Ethanol rules could make pure gasoline hard to find next month in Oklahoma

Gasoline that has not been blended with ethanol could get harder to find in central Oklahoma due to federal renewable fuel mandates.
by Jay F. Marks Modified: August 24, 2013 at 10:00 pm •  Published: August 23, 2013
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A spokeswoman for Oklahoma City-based Love's Travel Stops and Country Stores said it is difficult to know what will happen with pure gasoline at this point.

“The supply situation for pure gasoline is still fairly speculative at this point,” spokeswoman Jenny Love Meyer said. “The supply at terminals in the central Oklahoma area may decrease in the future. I am not aware of a specific timeline though when this might occur.”

Oil and natural gas industry groups like the American Petroleum Institute have urged the U.S. Environmental Protection Agency to reduce the ethanol mandate, without success.

“The program is outdated and needs to be repealed once and for all,” said Bob Greco, director of the institute's downstream group. “Under the current RFS (Renewable Fuel Standard) regime, ethanol requirements will continue to increase while gasoline demand continues to decline.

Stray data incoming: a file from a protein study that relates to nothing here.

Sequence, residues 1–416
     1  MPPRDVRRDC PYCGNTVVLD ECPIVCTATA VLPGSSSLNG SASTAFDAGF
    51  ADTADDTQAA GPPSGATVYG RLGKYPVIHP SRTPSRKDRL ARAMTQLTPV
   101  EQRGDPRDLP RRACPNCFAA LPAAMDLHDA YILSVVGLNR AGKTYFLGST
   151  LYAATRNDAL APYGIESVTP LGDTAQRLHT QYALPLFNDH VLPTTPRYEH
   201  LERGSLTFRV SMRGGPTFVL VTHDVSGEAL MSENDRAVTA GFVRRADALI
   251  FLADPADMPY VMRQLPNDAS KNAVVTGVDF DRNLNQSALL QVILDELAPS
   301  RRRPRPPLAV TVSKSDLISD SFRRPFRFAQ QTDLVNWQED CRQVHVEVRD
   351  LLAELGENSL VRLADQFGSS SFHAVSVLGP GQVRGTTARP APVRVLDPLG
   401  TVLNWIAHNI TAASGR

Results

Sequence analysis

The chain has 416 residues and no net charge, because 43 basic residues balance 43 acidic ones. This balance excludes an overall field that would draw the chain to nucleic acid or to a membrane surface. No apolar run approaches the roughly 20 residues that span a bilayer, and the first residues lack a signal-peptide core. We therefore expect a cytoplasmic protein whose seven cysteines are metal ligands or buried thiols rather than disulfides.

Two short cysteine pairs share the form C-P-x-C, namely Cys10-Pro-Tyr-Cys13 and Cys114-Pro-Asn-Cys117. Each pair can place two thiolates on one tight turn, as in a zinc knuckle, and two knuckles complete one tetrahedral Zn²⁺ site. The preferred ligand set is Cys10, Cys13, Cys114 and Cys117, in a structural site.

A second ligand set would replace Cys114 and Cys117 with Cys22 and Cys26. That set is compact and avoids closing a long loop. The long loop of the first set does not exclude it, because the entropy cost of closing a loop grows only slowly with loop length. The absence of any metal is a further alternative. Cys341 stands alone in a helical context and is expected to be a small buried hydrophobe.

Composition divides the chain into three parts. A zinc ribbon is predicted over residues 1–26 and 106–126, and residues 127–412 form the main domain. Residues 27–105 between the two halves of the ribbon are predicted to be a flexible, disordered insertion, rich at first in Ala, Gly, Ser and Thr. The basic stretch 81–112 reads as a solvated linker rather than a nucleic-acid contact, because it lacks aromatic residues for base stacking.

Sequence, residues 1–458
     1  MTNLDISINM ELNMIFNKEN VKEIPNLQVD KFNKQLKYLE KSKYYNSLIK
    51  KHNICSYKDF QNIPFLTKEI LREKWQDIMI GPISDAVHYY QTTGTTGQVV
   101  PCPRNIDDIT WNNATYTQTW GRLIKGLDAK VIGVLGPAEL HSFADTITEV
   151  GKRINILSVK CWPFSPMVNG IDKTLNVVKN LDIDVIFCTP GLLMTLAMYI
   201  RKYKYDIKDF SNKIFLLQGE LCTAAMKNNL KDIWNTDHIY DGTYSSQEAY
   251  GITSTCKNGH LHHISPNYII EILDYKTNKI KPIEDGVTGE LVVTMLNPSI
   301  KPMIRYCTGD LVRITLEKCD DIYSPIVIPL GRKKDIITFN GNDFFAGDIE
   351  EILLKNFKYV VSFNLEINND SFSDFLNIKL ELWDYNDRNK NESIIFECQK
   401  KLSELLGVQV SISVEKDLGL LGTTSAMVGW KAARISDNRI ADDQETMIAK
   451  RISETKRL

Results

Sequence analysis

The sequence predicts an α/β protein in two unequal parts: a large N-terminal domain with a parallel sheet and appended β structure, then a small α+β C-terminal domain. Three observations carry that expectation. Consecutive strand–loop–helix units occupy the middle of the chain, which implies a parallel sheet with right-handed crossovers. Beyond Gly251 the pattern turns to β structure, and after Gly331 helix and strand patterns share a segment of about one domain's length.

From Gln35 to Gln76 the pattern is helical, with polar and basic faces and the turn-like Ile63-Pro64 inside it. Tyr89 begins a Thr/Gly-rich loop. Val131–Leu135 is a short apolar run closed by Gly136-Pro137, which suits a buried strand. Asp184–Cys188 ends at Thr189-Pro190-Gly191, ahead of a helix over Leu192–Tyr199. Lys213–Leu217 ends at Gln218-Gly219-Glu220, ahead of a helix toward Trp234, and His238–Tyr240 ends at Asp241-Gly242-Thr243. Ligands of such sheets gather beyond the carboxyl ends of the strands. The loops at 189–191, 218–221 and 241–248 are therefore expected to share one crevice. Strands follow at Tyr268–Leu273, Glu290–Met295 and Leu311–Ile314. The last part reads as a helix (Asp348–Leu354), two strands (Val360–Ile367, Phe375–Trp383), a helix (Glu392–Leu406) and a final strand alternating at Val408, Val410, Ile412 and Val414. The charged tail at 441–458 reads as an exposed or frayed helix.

“That's why we need a full repeal by Congress.”

Ethanol advocates maintain the renewable fuel mandate has increased the country's fuel supply, while keeping the price of gasoline from climbing further.

“It is as if the U.S. oil refining industry had found a way to extract 10 percent more gasoline from a barrel of oil,” Iowa State University professor Dermot Hayes said in a statement released by the Renewable Fuels Association. “This additional fuel supply has alleviated periodic gasoline shortages that had been caused by limited refinery capacity.”

Hayes said the mandate has reduced fuel prices by an average of 29 cents a gallon.

CONTRIBUTING:

Adam Wilmoth, Energy Editor


by Jay F. Marks
Energy Reporter
Jay F. Marks has been covering Oklahoma news since graduating from Oklahoma State University in 1996. He worked in Sulphur and Enid before joining The Oklahoman in 2005. Marks has been covering the energy industry since 2009.
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